The combination of a clear purpose, editorial commitment and great timing helped The Guardian’s ‘Hope is Power’ campaign become a “huge driver” of financial support worldwide.

2019 has been a big year for The Guardian. Having reaching the milestone of more than 1 million people across 180 countries financially supporting its journalism last year, the Guardian News and Media group is on a mission to prove the business case for supporter-led organisations.

The group notched up revenues of £224.5m in the year to 31 March, up 3% on 2018, representing a third successive year of revenue growth supported by reader revenues and digital advertising. Digital revenues rose by 15% to £125.3m and now make up 56% of group revenues.

The organisation plans to use this financial success as a springboard from which to carve out a position as the home of “high-quality independent journalism”.

To help cement this message, in September The Guardian unveiled ‘Hope is Power’. Its first brand campaign since 2012, the campaign was designed to restate the publisher’s purpose, deepen brand affinity among readers and encourage support of its journalism.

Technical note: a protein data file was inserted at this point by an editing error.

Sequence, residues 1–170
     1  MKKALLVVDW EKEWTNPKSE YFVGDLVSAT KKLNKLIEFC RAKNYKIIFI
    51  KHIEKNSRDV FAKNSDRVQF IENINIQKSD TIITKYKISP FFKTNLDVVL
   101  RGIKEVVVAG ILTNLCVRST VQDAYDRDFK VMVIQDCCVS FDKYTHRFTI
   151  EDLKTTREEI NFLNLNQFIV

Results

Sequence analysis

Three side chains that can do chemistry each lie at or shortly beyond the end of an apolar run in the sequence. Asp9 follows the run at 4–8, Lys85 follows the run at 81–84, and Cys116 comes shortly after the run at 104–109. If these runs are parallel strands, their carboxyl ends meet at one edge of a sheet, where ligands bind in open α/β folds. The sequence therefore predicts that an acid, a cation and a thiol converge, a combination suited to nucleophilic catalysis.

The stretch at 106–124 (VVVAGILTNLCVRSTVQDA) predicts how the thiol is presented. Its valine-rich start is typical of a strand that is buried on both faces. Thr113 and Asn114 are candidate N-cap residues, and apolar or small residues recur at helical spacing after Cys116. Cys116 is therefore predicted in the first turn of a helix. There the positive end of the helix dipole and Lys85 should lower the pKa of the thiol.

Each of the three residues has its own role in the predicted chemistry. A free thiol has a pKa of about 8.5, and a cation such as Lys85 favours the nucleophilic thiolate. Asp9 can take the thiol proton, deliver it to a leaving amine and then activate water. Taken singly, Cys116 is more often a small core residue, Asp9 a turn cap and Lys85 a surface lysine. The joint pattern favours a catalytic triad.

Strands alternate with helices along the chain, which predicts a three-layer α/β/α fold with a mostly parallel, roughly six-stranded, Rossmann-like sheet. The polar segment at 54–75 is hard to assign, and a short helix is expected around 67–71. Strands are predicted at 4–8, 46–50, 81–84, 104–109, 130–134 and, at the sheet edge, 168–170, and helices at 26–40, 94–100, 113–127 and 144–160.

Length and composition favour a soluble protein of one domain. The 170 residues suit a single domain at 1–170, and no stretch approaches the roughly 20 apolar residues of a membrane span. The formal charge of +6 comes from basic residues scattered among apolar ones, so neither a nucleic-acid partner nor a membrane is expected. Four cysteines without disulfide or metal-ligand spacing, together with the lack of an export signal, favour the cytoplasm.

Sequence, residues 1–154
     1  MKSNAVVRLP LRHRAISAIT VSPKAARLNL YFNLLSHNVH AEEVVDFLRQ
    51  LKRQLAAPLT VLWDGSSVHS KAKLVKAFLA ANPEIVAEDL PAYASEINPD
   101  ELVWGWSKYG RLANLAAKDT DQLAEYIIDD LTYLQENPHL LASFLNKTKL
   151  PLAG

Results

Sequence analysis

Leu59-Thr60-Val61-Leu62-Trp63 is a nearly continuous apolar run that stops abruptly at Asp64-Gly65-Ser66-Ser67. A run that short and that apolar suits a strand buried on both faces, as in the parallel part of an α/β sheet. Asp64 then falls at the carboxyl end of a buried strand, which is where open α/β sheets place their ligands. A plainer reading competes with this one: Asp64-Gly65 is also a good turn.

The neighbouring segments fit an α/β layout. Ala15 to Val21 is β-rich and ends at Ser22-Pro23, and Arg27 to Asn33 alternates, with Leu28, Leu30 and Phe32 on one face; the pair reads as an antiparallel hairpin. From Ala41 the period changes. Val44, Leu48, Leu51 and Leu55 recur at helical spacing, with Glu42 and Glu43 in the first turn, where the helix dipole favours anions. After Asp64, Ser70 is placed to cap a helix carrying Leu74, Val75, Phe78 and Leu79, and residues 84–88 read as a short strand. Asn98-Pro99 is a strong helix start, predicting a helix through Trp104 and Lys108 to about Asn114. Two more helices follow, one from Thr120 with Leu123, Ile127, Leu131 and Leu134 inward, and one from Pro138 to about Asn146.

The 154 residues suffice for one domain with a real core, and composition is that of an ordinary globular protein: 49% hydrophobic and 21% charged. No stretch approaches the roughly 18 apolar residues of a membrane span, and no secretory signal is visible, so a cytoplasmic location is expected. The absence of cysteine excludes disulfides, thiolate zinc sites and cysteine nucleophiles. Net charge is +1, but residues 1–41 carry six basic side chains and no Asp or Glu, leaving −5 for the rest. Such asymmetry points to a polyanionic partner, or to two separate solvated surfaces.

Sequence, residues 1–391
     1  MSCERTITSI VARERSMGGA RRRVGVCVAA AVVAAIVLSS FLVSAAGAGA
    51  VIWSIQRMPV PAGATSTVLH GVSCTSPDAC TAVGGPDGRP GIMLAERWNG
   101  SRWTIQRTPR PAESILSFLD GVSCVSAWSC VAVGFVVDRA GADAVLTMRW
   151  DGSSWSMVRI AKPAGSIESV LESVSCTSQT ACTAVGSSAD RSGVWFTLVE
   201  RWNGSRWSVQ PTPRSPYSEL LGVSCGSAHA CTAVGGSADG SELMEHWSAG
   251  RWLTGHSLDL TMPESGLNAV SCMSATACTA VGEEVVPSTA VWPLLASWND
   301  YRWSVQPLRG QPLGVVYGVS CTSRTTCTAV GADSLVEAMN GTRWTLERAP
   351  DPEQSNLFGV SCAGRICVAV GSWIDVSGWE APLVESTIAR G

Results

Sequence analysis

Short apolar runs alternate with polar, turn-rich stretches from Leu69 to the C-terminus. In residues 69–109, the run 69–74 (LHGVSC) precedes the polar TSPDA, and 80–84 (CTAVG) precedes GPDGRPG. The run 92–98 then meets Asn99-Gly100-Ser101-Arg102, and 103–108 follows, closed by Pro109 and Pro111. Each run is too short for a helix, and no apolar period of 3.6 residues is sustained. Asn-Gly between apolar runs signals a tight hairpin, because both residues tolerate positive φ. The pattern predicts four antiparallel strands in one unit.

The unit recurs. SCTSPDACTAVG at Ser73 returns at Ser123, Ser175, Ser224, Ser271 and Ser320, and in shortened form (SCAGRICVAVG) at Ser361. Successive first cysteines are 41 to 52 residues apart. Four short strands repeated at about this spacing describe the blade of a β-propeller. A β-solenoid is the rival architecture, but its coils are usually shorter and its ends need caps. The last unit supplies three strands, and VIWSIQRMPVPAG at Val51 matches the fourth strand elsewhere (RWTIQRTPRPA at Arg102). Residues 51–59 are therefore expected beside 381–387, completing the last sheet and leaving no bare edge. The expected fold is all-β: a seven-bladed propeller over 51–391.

Devised by creative agency Uncommon, the campaign ran for five weeks from 23 September across TV, cinema and video-on-demand. The 60-second ad shows a butterfly trying to escape an empty room. Police sirens and protests can be heard outside as the butterfly fights to eventually break through the glass to the lyrics “nothing changes”. The ad ends with the new slogan ‘Change is possible. Hope is power’, before showing multiple butterflies flying in the wild.

Chief customer officer Anna Bateson explains that the timing of Hope is Power made sense as the business had come through a turnaround project and moved beyond break-even. This was coupled with the “editorial confidence” around editor-in-chief Katharine Viner’s wider purpose.

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